light in the dark

By Ruth Lera

It can feel so dark where I live.

Of course, by this I mean both my inner and outer environments.

You all know what I mean. How dark we can feel inside sometimes, like no one will ever love us again.

How just the act of taking our own heads out from under the blanket can seem impossible, and how we can feel so sure that there is no viable choice for our life except to stay in our warm—yet lonely—beds, overflowing with heartache forever.

This is what the dark can feel like and we all know it.

The sun only rises at 10:30 in the morning on December 21st in my boreal forest neighborhood. We look out the window at the barely evening hour of 4:00pm and it is dark once again.

This is what it means to live north of 60, it means the light of summer and the dark of winter aren’t metaphorical, they are all too real.

Every winter someone I know goes down. Really down. It has even been me some years. The darkness of the outside world merges with our own darkness within, and when spring arrives we barely emerge, scarred and scared from the winter gloom.

And then there is spring break-up, the time when we see which couples didn’t make it through the season of cold and dark. The people who needed to pull away from being two and become one again, so they can find the light of their own souls, unhindered by the commitment they once made.

Summer Solstice is easy to celebrate. The sun is high in the sky, all night long, and the wildflowers are in bloom, and dancing all night long seems the perfect thing to do.

This seems like a time to rejoice, the light is here. It is strong and clear, embracing every moment night and day, but Summer Solstice also marks the end of the light, and the definite beginning of the darkness again.

Some of us choose not to shout out with joy on mid-summer’s eve.

I wonder, who is brave enough to celebrate the coming of the dark? Who can say, bring it on darkness, I know you will come anyways, so instead of running away from you I will choose to run into your arms, knowing full well that you will strip layers off me as I curl into your dark, bleak arms.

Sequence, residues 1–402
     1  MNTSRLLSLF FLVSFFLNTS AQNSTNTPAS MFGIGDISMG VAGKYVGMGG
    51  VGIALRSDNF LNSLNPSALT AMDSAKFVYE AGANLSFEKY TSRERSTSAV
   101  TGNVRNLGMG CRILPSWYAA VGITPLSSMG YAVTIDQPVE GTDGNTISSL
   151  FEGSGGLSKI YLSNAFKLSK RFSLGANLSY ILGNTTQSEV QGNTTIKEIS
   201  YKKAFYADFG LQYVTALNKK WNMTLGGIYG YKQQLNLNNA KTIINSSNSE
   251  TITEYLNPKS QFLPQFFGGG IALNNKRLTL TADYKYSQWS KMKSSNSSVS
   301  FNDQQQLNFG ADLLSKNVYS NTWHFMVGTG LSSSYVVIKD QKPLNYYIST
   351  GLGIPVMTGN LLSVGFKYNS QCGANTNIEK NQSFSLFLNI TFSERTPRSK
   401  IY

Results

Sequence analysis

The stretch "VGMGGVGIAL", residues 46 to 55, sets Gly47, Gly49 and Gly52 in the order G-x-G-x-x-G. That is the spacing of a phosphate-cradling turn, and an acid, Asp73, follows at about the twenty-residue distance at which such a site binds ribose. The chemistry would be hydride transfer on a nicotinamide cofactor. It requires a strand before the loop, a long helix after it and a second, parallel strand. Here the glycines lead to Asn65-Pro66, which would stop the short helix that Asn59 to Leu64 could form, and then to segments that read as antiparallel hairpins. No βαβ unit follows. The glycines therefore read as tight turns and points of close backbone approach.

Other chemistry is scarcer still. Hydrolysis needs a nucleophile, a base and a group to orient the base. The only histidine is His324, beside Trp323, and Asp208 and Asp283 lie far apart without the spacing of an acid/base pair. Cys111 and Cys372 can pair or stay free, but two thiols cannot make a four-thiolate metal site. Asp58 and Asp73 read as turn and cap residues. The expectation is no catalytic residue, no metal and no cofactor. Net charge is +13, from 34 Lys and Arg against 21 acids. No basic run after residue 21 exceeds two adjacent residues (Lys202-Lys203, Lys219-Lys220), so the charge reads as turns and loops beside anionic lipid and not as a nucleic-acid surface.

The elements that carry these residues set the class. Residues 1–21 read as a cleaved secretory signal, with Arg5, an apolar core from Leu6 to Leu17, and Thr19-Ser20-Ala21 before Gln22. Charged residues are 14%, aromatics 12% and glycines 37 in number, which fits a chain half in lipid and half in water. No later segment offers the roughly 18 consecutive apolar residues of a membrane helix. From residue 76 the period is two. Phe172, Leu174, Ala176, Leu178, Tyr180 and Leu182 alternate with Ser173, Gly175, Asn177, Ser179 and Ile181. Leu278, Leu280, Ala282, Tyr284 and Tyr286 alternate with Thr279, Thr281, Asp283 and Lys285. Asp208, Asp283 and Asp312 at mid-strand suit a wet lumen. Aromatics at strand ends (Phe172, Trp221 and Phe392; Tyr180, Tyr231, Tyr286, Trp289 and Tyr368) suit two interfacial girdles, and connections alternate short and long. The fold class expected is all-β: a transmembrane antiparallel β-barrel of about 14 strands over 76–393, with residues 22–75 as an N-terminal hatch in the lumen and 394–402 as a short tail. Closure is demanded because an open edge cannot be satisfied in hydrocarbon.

No one I know consciously runs to the darkness, and definitely I usually don’t. Instead I recoil from the pain and loneliness darkness can bring; even though I know that the black of winter brings me more home to myself, which is where I truly want to go—still I don’t go willingly.

At Summer Solstice my friends and I sulk a little, wishing we could hold the light a little longer, if not forever, wishing it didn’t have to leave us.

Winter Solstice is when we cheer.

We are almost there, we say to each other on the grey downtown streets when we meet, barely able to see each other under our woolly toques. We our halfway there, we state boldly, any day the light will come back.

We dance on Winter Solstice and light candles and stand by the raging bonfires trying to urge the lightness closer to us, creating our own light through fire, candles, hugs and love. The tears are right behind our eyes on Winter Solstice, tears of sweetness and hope, tears of knowing we have almost made it through the darkness, again.

The wisdom Winter Solstice offers us is that the dark is inevitable. It is going to come into our lives no matter what and after it leaves, it will come again.

Yes, the light is inevitable also, but it is the dark we try to avoid. This is what we train for in mindfulness meditation. We train for the dark. We see it all when we sit quietly with ourselves, watching our own breath. We see the happy and the sad and we don’t jump away: we sit and we notice it.

Lately, in my meditation practice when the dark comes, when the mean, scary thoughts of pain and trauma arise in my being, I bring them all the way through. Instead of pushing the dark down away from me, I let it rise up and travel all the way through my being so it can transmute to love.

This is what we can do with the seasons; let them travel through us instead of pushing our way through them.

The dark will come. We can bundle up nice and warm moving slowly through the icy air, knowing its impermanence makes it shine even more.

This year I will celebrate the darkest day when it arrives, and I will appreciate the opportunity winter has brought me. When summer comes I will also celebrate the longest day and the impending end of the light. I will urge myself to run with open arms into the embrace of darkness because I know it’s time here is limited, too, and that all it offers is love and light, even in the dark.

Photo: (source)

Editor: Alicia Wozniak



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